Skip to Content
U.S. National Institutes of Health
Last Updated: 10/31/11

CADP Resources for Assay Development

The services provided by the CADP will be aimed at delivering to the submitter analytically and/or clinically validated assays including documentation of good performance with the intended clinical specimen type. This is not grant support.

NCI/DCTD provides a variety of services to the Cancer research community, including screening and provision of banked materials. Any services or materials that NCI may provide to applicants will be subject to review at any time and may not be available for a variety of reasons, including but not limited to: the availability of the resource, cost, the appropriateness of the request, feasibility and prior work/avoidance of duplication.  While all requests are considered, this communication does not in any way represent an obligation on the part of NCI/DCTD to conduct initial or follow on work or to provide materials to applicants/requestors. If you have any questions please contact the DCTD Intellectual Property Advisor at 301-594-5318.

Most of the services will be provided by a contracted network of CLIA-certified laboratories. Other services will be provided by the NCI through direct contact (e.g., NCI statistical support and facilitation of interactions with regulatory agencies) or through other NCI-supported services.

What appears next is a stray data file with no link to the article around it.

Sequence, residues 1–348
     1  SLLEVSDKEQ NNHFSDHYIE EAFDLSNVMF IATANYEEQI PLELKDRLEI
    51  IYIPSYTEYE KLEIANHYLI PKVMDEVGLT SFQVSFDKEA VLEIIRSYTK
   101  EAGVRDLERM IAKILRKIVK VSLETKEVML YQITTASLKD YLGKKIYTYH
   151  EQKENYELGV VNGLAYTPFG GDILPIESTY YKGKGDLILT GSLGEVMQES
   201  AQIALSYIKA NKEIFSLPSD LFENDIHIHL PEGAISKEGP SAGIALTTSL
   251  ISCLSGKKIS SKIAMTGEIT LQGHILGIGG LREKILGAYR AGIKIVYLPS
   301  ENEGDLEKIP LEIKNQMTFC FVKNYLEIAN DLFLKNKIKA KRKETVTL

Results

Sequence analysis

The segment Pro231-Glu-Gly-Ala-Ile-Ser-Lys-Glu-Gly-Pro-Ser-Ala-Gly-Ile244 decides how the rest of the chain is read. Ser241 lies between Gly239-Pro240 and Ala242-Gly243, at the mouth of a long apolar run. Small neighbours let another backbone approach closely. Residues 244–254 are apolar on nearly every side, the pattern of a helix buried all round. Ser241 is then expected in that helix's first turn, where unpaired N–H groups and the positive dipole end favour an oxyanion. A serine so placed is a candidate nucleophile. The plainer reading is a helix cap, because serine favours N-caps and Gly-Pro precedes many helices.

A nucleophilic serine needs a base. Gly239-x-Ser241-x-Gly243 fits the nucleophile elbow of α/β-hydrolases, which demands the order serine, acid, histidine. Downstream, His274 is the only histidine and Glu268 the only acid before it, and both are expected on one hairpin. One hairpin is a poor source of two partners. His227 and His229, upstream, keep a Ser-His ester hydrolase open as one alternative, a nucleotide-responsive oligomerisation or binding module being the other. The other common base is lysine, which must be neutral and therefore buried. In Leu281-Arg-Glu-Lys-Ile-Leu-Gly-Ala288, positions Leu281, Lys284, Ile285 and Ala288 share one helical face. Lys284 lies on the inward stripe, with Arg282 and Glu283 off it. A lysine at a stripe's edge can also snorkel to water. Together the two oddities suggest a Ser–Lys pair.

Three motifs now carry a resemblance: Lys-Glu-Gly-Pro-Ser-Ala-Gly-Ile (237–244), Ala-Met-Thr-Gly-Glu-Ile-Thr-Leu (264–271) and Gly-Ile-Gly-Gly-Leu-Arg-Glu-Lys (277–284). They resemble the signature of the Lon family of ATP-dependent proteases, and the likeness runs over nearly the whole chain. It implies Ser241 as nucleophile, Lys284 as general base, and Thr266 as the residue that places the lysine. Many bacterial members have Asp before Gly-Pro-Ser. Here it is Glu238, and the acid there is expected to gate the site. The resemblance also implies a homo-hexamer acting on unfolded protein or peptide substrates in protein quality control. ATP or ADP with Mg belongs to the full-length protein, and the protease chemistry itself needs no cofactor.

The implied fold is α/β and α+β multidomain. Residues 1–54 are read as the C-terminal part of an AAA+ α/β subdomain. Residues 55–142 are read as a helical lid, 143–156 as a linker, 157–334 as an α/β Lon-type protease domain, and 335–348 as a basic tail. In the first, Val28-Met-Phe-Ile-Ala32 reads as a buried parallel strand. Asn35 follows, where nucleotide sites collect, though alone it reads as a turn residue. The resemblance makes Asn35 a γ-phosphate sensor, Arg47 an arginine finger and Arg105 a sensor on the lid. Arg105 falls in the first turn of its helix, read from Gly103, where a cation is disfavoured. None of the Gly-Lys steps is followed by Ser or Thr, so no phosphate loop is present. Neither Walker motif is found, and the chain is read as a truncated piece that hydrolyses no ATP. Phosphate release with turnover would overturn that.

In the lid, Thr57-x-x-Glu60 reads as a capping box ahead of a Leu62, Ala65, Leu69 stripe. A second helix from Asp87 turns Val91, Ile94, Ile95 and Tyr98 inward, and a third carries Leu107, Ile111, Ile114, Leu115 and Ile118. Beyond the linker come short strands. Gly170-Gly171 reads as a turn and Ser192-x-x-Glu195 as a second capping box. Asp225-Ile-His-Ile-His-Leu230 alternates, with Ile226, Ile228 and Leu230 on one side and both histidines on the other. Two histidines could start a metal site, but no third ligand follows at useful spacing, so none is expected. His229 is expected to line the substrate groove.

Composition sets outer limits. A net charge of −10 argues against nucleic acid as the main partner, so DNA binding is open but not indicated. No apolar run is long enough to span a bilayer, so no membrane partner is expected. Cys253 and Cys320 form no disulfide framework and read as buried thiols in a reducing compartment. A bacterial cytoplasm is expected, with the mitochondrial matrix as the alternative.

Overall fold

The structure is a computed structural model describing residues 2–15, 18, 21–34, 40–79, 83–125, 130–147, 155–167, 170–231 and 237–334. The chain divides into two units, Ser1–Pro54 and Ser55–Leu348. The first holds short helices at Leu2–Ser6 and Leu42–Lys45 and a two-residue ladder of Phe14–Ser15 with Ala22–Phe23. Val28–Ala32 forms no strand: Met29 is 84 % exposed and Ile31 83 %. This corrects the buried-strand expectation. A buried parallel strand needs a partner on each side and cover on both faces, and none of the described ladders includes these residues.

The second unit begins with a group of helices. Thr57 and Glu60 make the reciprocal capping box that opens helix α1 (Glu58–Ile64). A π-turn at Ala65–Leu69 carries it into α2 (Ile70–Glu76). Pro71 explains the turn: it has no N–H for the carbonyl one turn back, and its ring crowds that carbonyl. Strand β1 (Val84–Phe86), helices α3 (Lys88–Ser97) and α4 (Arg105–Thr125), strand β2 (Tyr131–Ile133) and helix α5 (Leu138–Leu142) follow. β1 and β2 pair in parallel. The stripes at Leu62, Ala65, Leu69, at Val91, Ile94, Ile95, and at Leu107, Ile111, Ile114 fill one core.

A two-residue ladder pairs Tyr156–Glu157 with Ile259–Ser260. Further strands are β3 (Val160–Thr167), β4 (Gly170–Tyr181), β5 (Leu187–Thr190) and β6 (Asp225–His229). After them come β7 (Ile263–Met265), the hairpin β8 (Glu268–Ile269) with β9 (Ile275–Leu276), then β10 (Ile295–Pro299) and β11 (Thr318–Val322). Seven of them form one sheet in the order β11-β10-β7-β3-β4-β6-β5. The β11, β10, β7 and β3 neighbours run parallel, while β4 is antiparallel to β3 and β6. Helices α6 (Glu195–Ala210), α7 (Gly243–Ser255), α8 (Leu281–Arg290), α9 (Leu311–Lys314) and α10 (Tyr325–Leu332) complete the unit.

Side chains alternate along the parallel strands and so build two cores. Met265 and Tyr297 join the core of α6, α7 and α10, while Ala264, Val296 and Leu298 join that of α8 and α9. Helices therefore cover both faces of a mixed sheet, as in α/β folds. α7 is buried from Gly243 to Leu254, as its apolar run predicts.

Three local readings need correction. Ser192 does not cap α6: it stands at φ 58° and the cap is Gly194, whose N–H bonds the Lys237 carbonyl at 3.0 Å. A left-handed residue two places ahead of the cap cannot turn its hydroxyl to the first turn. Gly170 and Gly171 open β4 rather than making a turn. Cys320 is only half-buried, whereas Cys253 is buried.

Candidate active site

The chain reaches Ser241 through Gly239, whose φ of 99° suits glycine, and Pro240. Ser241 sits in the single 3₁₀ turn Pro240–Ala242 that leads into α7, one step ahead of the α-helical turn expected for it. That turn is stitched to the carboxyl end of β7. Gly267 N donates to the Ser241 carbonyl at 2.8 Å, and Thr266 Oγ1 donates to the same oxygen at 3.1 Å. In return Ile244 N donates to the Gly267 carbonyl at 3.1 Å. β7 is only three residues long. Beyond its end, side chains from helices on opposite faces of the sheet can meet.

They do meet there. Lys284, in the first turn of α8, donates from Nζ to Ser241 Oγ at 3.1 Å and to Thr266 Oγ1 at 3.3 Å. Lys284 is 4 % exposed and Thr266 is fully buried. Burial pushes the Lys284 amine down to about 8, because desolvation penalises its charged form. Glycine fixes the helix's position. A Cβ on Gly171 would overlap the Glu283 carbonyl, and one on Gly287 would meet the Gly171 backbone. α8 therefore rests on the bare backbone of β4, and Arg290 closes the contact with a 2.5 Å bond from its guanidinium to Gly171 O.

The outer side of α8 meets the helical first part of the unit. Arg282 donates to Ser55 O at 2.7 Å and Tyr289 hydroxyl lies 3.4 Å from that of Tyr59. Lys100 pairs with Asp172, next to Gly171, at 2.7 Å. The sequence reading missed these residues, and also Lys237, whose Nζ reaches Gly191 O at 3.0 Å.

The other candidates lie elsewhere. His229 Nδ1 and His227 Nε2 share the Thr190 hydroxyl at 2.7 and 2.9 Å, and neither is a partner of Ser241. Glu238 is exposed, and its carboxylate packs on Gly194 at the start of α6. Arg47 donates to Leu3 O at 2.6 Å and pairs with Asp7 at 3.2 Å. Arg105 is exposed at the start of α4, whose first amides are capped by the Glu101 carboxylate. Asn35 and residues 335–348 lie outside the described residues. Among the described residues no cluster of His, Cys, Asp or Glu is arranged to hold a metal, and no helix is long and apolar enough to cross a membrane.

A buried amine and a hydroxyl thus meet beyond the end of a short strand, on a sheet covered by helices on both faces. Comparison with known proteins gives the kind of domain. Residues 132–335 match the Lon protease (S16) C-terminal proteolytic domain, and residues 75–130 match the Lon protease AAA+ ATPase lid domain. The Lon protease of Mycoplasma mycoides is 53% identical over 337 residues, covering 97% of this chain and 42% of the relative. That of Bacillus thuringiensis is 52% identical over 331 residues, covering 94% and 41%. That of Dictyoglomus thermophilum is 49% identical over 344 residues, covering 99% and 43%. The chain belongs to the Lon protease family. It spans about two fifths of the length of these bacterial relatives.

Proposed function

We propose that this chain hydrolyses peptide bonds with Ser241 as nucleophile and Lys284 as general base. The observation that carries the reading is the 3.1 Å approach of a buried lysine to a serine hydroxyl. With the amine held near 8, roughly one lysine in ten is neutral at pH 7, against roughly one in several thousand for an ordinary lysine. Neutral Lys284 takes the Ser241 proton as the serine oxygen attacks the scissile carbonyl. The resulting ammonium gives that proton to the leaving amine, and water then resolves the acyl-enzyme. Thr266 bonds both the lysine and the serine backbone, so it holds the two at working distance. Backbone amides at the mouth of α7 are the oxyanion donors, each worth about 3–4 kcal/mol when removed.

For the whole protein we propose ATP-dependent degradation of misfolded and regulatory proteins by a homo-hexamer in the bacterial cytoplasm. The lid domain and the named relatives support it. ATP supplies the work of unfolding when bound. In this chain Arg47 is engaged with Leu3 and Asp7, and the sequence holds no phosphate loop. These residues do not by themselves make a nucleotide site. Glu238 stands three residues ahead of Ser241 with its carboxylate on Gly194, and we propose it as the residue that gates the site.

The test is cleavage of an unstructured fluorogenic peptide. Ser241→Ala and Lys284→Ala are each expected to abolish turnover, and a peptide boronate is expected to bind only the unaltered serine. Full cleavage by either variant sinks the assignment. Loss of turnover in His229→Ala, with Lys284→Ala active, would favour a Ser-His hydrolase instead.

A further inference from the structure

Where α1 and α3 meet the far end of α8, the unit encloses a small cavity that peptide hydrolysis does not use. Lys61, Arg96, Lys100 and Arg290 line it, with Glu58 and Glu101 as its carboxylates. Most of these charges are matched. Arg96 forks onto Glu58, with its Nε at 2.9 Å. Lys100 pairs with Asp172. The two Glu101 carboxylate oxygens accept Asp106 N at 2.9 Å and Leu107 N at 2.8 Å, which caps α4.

Assays will be accepted at various stages of assay development and analytical validation and can enter the process any time at or beyond the earliest entry point (depicted in the figure). Therefore the services provided by the CADP may include many possible assessments required for analytical validation specific to the assay technology as well as post analytical validation, such as clinical validation testing. Specific services provided by the CADP will ultimately depend on the stage of assay development. The successful submitter will be part of the project team.

CADP marker development entry points and services
CADP marker development entry points and services
Click to enlarge

Initial discussions with the successful submitter will help determine the CADP services needed and detail CADP delivery timelines and potential exit points (e.g., if an assay is not capable of meeting the intended analytical performance criteria or if unexpected complications occur which delay timelines, etc., the project can be halted).